There’s an ongoing debate as to whether it is better to use influencers or advocates in your brand’s marketing campaigns.
Before we join the discussion, we had better be clear what the differences are between these two groups of people, and the benefits of using each one.
Both advocacy and influence are about using a third party to reach new audiences, but using entirely different techniques. Influencers are people who have a large following. They may be a celebrity, but might also be a blogger, CEO of a company, columnist, or Internet personality. So long as many people listen to what they have to say, brands pay them (or give them goods) to convey their message to their followers.
Advocates, on the other hand, are people who are already brand converts--maybe satisfied customers or people who will always buy the latest product--who spread the brand’s message willingly, maybe by recommending them to their friends or sharing their marketing on social media. Brands can encourage advocates, or potential advocates, by reaching out to them to help share their message.
When it comes to reach, generally an influencer will have a much greater reach than a brand advocate. Coca Cola’s latest marketing campaign features Taylor Swift writing her latest hit while drinking Diet Coke. Taylor Swift has a large, loyal following, particularly among young women, which is exactly the target audience Coca Cola is hoping to attract. When choosing an influencer or celebrity for a campaign, it is critical to line up influencer’s following with company’s target audience; a large following means nothing if they are not the right fit for your brand. But even with the large awareness numbers, companies are not always seeing the spike in sales when they engage influencers or celebrities.
A brand advocate is unlikely to have the reach of someone you would choose as an influencer, but, according to McKinsey, a recommendation from a trusted friend conveying a relevant message is up to 50 times more likely to trigger a purchase than is a low-impact recommendation. McKinsey also found that marketing-induced consumer-to-consumer word of mouth generates more than 2 times the sales of paid advertising. Furthermore, it is worth considering what the collective reach might be of all your brand advocates, and the fact that their audience, no matter how small, might not only be exactly the demographic you are trying to connect with, but also is more likely to be influenced by the passion of your brand advocate towards your brand/products and their deep knowledge of such. Your army of advocates is your volunteer marketing army.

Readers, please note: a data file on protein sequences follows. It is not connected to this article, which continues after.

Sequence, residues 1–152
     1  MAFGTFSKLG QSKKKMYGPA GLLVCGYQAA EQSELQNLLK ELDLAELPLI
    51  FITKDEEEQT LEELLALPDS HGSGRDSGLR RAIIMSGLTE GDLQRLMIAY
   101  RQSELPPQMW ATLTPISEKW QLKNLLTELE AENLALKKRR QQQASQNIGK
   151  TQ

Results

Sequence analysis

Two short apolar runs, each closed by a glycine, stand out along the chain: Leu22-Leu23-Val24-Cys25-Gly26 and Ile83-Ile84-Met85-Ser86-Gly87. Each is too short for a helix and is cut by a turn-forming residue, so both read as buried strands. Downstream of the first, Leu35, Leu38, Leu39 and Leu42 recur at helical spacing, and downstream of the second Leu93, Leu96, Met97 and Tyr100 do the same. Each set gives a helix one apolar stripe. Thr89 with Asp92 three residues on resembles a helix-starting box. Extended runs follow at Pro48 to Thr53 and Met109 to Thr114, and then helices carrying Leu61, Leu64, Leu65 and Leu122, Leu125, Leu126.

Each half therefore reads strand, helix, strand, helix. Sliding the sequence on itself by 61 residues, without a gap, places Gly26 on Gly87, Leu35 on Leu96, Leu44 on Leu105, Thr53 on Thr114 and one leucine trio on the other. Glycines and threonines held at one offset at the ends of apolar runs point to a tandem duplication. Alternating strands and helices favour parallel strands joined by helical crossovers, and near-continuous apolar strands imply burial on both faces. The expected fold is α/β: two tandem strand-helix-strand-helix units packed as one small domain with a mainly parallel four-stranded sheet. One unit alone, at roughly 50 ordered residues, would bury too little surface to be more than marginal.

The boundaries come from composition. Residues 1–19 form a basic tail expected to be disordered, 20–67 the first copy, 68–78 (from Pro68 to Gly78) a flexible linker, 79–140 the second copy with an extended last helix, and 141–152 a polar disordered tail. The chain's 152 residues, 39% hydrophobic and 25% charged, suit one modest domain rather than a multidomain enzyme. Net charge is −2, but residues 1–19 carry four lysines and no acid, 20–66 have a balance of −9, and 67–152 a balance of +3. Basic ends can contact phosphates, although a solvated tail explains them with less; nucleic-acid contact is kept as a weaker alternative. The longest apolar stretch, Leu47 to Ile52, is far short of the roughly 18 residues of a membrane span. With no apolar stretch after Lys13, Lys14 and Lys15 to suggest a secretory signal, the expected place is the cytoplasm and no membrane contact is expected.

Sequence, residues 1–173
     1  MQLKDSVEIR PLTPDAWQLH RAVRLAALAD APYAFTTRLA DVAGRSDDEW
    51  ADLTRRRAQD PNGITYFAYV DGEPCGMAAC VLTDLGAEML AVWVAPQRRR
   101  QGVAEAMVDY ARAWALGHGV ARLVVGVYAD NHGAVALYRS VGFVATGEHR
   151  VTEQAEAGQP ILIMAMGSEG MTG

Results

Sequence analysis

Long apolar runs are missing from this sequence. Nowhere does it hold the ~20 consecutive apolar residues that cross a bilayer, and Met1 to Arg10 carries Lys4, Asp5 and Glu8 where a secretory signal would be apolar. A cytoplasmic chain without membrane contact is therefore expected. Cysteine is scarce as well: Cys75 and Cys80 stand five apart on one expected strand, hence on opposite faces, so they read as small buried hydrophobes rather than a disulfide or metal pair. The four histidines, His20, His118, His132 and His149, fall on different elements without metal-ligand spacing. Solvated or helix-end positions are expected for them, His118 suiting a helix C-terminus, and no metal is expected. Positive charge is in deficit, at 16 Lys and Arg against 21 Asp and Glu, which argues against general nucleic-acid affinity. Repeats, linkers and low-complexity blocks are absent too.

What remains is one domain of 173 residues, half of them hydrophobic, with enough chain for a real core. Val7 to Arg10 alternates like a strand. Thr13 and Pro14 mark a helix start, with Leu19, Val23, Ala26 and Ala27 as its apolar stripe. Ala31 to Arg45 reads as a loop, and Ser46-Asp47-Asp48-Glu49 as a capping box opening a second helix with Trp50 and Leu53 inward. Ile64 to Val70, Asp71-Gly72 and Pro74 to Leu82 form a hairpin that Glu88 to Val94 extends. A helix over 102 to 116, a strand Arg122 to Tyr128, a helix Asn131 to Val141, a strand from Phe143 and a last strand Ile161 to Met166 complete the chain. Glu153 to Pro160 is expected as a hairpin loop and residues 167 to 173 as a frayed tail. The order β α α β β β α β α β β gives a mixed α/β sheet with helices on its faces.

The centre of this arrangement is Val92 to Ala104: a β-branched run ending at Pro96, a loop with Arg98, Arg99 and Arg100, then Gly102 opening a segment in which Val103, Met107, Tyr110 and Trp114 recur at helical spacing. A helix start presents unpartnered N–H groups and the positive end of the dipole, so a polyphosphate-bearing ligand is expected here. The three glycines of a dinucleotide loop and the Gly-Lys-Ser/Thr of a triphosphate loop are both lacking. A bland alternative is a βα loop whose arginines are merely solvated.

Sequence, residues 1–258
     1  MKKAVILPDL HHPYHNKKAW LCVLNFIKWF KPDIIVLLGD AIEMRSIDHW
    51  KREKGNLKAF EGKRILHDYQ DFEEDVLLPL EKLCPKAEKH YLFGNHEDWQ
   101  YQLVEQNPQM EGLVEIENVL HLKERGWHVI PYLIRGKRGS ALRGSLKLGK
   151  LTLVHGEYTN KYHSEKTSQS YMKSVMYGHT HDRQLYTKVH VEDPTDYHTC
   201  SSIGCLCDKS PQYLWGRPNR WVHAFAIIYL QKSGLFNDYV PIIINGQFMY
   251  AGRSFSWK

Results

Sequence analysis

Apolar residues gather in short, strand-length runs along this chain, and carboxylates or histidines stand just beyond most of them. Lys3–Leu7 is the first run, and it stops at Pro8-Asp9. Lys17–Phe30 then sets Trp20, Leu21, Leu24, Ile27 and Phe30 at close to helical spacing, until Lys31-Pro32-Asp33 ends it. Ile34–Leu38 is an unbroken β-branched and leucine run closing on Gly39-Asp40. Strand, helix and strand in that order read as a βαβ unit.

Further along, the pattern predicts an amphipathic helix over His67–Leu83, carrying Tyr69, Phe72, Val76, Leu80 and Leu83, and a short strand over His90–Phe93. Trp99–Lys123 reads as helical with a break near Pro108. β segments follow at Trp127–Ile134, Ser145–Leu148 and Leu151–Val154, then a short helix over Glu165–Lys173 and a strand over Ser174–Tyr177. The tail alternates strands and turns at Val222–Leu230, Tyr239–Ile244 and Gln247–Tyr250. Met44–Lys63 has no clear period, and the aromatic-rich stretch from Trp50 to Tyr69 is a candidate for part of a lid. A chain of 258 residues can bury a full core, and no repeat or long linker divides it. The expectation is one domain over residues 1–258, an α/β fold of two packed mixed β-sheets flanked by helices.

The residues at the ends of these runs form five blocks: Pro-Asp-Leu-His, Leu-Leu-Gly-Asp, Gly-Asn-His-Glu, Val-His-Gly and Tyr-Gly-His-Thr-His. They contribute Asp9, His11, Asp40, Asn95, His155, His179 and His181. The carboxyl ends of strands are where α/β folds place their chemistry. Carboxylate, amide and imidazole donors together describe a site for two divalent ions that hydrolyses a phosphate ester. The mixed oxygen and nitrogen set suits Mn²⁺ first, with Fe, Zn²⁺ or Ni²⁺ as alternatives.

It’s hard to measure commitment, but it’s likely that an existing fan of your brand, or a satisfied customer, has a more genuine commitment to your brand than someone you would choose as an influencer. The challenge for marketers is to find an influencer who is already loyal to your brand: actor Stephen Fry has been a long-time fan of Apple computers (he claims to have bought the third Macintosh computer ever sold in the UK)… and he has a Twitter following of nearly 5.9 million people.
Generally, though, an influencer will need incentives to work as a brand ambassador, whether it is through advance copies of products or through payment. Think of the number of not-yet-released products that get sent to prominent bloggers every day: There might not always be a contract involved, but leveraging their following comes at a price.